Having Our Ice Cream and Eating It Too
Our faces followed the dessert we ordered across the restaurant’s dining room to the center of our table making sure it was placed equidistant to each of us.
As it descended, we eyed up our first, and last, bite, while quickly and quietly counting the spoons to four. Chocolate-mound with ice-cream landed safely, and in the brief moment before politely inhaling an after meal treat, Hazel wiggled, I positioned my hand for quick utensil recoil, Robin said “Mmmm…”, and Amelia shot out, “Um, that is all the ice cream we get?”.
There’s this thing called a job interview that happened to me earlier this week. No, the girls didn’t come up with a list of questions to re-up my contract, I went to an actual employer, answered questions, and am subsequently excited about the possibility of working with students again. We feel the time is right for me to jump back into a profession I left with lingering love.
But, it’s not easy. Why are we adding waves to an ocean that, after two years of adjustments, incredibly hard work on Robin’s part in the public space, and all of ours at home, has finally calmed?
I don’t know. And believe me, it isn’t lost on us how fortunate we are to have the opportunity for one of us to be home with our girls full time.
Some days, I’m driven back to teaching to have something for myself again, a place that is mine, something I worked for and enjoy. Other days, I simply want to be around the incredible energy and spirit of teenagers to share with our community my training and passions. Reality says, it’s a swirl cone, equal parts of each that constitute the endeavors for which I reach.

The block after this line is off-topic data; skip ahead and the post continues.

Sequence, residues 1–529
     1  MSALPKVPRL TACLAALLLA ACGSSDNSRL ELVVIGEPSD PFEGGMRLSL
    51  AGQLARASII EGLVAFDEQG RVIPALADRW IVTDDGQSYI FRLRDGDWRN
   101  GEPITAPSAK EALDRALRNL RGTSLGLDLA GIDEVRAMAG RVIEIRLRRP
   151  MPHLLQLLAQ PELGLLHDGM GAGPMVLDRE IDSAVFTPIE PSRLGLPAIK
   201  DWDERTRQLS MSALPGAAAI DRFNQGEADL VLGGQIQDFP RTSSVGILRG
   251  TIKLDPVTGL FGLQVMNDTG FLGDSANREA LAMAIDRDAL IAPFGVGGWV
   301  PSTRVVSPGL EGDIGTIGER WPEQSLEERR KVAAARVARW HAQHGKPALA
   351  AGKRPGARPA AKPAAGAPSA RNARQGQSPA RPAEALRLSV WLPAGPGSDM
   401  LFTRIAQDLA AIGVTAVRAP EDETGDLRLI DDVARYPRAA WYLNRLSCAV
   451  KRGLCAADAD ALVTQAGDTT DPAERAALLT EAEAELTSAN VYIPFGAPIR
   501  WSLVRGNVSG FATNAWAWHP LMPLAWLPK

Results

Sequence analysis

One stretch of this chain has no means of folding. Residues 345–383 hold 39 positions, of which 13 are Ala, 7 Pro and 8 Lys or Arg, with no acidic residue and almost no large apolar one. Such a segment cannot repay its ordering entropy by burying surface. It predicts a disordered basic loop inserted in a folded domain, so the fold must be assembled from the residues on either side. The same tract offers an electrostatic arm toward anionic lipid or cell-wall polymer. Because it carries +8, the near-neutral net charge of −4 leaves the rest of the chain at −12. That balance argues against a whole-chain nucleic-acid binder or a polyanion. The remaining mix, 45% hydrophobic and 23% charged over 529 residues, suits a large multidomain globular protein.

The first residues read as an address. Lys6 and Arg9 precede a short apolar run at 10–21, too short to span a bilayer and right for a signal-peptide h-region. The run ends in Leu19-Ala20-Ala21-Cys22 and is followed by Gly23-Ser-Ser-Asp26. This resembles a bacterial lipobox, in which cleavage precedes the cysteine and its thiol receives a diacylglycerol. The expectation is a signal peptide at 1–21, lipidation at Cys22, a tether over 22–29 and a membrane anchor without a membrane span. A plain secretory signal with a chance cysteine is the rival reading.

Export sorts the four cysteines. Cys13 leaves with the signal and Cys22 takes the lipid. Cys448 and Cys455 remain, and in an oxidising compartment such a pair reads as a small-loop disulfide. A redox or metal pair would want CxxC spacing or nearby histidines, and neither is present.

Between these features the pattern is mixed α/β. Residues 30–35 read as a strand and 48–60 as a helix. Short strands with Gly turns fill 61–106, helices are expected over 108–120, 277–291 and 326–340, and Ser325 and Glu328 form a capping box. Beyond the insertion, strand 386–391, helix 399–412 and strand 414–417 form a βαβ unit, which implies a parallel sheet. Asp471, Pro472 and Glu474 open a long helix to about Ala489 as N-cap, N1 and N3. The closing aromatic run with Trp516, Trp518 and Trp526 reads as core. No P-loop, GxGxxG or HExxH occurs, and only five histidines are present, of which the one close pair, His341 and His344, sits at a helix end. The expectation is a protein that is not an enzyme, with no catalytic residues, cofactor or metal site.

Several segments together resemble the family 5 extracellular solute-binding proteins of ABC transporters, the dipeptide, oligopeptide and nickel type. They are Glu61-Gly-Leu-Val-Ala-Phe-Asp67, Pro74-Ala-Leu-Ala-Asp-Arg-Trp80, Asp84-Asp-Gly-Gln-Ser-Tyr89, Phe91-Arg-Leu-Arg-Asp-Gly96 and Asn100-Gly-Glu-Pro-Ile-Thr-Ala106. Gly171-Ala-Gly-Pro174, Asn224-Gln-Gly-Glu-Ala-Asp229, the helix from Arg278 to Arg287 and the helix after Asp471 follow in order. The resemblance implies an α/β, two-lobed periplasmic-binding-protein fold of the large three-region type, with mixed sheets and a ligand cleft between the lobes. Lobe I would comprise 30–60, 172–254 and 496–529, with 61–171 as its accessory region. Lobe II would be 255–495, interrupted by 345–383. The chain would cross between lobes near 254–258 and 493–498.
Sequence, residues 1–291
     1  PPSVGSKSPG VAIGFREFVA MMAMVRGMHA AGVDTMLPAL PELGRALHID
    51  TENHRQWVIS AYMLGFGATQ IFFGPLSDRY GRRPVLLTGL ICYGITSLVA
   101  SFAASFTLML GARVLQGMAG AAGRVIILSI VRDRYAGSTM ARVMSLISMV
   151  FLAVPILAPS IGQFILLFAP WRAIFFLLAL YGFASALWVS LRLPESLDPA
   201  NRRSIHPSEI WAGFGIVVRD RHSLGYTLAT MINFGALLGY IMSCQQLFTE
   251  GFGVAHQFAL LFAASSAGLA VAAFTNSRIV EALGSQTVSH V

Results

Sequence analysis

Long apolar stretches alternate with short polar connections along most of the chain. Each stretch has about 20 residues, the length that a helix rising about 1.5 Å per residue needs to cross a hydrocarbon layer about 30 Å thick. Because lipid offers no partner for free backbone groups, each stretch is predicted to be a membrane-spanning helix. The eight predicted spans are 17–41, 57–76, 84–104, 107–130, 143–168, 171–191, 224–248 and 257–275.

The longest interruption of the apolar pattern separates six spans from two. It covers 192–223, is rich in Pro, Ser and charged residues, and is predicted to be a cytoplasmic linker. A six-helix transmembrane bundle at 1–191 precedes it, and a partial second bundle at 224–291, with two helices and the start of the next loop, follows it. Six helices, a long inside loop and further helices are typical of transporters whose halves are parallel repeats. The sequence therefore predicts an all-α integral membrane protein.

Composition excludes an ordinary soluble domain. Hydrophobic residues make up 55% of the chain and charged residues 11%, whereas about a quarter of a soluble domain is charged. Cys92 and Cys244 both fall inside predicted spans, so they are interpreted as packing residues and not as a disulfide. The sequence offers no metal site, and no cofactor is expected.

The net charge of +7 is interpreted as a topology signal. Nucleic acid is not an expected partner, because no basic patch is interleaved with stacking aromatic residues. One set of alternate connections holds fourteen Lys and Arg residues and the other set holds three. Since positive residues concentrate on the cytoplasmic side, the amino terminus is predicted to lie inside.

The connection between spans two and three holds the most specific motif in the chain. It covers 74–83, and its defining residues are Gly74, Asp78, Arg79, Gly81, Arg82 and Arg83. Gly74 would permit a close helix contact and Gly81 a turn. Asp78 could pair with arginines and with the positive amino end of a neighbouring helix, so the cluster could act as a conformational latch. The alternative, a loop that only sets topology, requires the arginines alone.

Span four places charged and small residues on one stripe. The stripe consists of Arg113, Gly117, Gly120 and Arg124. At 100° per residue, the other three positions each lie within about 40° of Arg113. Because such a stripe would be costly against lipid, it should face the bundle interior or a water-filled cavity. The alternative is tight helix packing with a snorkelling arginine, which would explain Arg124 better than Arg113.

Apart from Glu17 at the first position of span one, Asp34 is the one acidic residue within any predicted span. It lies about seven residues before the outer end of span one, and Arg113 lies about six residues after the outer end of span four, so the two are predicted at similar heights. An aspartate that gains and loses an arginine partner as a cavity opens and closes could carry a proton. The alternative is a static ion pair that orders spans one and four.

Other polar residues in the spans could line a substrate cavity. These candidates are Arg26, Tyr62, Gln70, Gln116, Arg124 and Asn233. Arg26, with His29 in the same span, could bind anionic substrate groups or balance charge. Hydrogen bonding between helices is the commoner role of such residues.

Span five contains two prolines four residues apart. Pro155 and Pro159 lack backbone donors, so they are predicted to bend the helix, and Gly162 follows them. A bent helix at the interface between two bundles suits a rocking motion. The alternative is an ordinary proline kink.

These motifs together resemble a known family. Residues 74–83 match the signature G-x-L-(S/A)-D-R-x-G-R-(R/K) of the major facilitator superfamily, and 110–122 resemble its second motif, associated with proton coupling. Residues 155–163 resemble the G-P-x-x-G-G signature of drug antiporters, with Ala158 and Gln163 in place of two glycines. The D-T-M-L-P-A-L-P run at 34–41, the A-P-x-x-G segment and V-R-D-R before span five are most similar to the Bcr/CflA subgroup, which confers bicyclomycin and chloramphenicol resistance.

But, am I looking for that extra scoop of ice cream when dessert arrived, instead of enjoying what is on the table in front of me? Or, is desserts glory nothing but the perception of the people at the table sharing it together? Could we continue “hopping-up” on sweets while I join the force of educators, Hazel enters a classroom, Amelia goes back to school, and Robin persistently pushes the public sector?
Not sure, but I know, should I be so fortunate to be offered another scoop, with the right focus, we’ll get our just desserts. After all, like I said to Amelia before digging in, “It’s just dessert”.
Andrew Meyer is a Special Education teacher from Madison, Wisconsin, whose wife’s job relocation changed their family roles and physical location. He's now a stay-at-home dad in Madison, Alabama, to two awesomely creative, sometimes challenging, and mostly sweet five and two-year-old girls who fill his days, nights, and in-between spaces. When with or without them, he writes, works-out, wonders, wishes he wouldn’t worry, wrestles with his wife’s commitment to her job, and listens to music. You can also find him at www.papasense.wordpress.com, on Twitter @papasense, and Facebook.
I left teaching 5 years ago to move to Huntsville, get married and start a family. In 2 years, when my daughter starts kindergarten, I plan to try to go back to work (jobs in my subject area are few and far between – or at least that was the case when I moved here). I totally understand your internal dilemma! I miss teaching a lot, but have loved being able to be a stay at home parent. I just keep telling myself that things work out the way they are supposed to!
Yes, a tough decision indeed. We’ve definitely discussed the pros and cons, and are excited to start another adventure. Cant’t wait to get back into school and feel that pulse again. I’m imagining there’s a lot I’ve learned being at home with our girls that I can apply to the class room — namely patience. Good luck when your time comes.